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India’s Forgotten Artist was a Renaissance Woman
She was born in Mysore, Southern India in undivided India. She grew up in pre-Independent India but died in New York, an American citizen. Yet the deep cultural heritage of her Tamil Brahmin family and the power of the Freedom Movement always stayed with her and became a part of her art by osmosis. As a teenager, she had sang bhajans by Gandhiji’s side and even when she embarked on her American journey, she carried with her a uniquely Indian perspective of art, music and the world.
So who was Y.G. Srimati and why has the world forgotten this accomplished artist? Where is her place on the map of Indian art?
MahakaliIn December 2016 the Metropolitan Museum of Art launched the first retrospective devoted to the Indian artist Y. G. Srimati (1926–2007). Drawn from The Met’s permanent holdings and private collections, this exhibition focuses on the first two decades of the artist’s career but also features key works from the later periods. The exhibition, which runs from December 15, 2016 to June 18, 2017, is made possible by The Miriam and Ira D. Wallach Foundation Fund, and features 25 watercolor paintings, musical instruments, archival photographs, and performance recordings.
“It is an exhibition which is really intended as a small historical corrective to re-establish the position of an artist who had really got forgotten.” says John Guy, curator of the exhibition which had a gestation period of 6-7 years. “People are now not only taking a serious interest not only in the cutting edge of Indian contemporary art but also a more serious, reflective interest in where it came from and what was happening in India at that critical moment of transition to full independence.”
Srimati’s father died at an early age, and she was raised by Y.G. Doraisami, her older brother, who was a serious patron of the arts. A big influence on her was being within the circle of Mahatma Gandhi who spoke at several rallies where she sang the opening bhajans. Coming from a family that was immersed in the arts, even as a teenager Srimati was renowned in Chennai as a classical musician, dancer and vocalist.
In 1950 she was profiled in the first major survey publication of painters in post-independence India, Present Day Painters of India (Bombay), alongside such established and rising artists as Jamini Roy, S.H. Raza, K.K. Hebbar, and Amrita Sher Gil.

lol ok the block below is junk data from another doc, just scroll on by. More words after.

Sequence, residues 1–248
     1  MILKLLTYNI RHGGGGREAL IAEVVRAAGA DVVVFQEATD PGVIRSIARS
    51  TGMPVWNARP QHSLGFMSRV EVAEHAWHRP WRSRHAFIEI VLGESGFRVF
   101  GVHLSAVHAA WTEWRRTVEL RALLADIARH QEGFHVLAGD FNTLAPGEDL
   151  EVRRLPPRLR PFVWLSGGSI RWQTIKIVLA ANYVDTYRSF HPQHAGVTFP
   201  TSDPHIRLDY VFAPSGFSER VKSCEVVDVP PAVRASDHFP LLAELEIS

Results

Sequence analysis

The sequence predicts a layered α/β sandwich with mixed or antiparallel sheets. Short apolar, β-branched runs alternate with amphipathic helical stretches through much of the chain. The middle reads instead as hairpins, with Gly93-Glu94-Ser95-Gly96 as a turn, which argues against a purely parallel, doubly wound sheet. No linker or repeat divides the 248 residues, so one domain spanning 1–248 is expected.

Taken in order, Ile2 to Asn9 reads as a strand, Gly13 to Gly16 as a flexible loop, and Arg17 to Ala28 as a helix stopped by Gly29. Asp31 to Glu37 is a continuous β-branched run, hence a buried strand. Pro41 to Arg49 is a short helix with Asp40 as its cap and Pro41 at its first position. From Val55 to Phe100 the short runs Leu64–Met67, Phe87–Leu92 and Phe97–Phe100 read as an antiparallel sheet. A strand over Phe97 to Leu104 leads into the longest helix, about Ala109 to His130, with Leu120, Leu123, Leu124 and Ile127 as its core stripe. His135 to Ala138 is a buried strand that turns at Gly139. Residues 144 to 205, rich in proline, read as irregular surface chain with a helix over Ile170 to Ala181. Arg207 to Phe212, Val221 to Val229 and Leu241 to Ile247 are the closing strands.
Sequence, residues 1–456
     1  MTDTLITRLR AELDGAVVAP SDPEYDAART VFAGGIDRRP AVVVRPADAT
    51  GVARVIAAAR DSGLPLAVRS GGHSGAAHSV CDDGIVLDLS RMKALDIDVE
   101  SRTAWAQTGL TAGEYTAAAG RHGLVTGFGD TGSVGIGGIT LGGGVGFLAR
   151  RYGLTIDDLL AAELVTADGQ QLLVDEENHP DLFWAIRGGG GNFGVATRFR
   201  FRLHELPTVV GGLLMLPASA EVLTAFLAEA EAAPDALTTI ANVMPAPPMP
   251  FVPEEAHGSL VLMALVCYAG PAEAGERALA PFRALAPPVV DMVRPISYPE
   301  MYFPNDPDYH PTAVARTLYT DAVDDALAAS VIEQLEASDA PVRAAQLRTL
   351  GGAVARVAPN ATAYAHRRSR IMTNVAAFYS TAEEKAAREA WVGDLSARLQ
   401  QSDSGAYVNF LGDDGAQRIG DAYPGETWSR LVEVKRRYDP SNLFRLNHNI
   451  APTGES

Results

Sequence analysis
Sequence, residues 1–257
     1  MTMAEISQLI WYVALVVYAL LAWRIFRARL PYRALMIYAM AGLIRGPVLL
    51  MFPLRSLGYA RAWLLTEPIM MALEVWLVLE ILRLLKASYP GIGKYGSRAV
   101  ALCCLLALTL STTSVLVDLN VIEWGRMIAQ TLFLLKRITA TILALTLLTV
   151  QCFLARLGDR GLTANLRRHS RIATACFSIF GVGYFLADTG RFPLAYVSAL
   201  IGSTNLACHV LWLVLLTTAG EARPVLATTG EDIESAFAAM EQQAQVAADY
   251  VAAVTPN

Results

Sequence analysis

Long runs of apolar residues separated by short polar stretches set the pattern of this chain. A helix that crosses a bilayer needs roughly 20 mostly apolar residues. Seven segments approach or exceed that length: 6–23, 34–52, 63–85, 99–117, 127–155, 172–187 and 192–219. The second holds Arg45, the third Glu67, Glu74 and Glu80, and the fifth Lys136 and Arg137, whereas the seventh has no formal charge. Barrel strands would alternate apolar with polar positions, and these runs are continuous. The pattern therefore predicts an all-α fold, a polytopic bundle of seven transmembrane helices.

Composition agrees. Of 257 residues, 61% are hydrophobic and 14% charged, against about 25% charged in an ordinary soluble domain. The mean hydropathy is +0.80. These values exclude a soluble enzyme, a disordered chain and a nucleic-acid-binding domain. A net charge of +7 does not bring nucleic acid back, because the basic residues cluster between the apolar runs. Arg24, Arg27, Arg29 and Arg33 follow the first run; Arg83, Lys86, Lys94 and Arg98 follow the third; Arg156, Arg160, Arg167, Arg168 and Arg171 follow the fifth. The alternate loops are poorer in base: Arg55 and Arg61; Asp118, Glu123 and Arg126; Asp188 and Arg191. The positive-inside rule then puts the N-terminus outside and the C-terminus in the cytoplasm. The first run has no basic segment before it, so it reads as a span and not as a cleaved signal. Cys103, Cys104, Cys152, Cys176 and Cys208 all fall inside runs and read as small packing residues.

As Guy points out, “Srimati’s painting displayed a consistent commitment to her vision of an Indian style. She explored themes from Indian religious epic literature and scenes of rural culture, asserting traditional subject matter as part of a conscious expression of nationalist sentiments; her choice was personal and idiosyncratic… Through her highly controlled and softly modulated use of watercolor washes, Srimati built on the poetic and lyrical styles developed a generation earlier in India by Abanindranath Tagore and Nandalal Bose.”She came to New York with a scholarship to the Art League in 1963. It was here she met a fellow artist Michael Pellettieri, who later became her partner and went on to donate some of her artworks to the Met after her passing.
He shared an early memory of her: “When she came to the class initially she was very quiet – she didn’t make her presence known very much. Gradually she became more of her outgoing self – she started to sing some of the old movie songs that some of the Middle Eastern students knew. Before too much time had passed, people were singing and dancing in class. It was very spontaneous – one day the instructor walked in – he was pleasantly surprised to see the students dancing and singing while working on their art work. That was the effect she had on people. Her warmth and feeling for other people could be infectious.”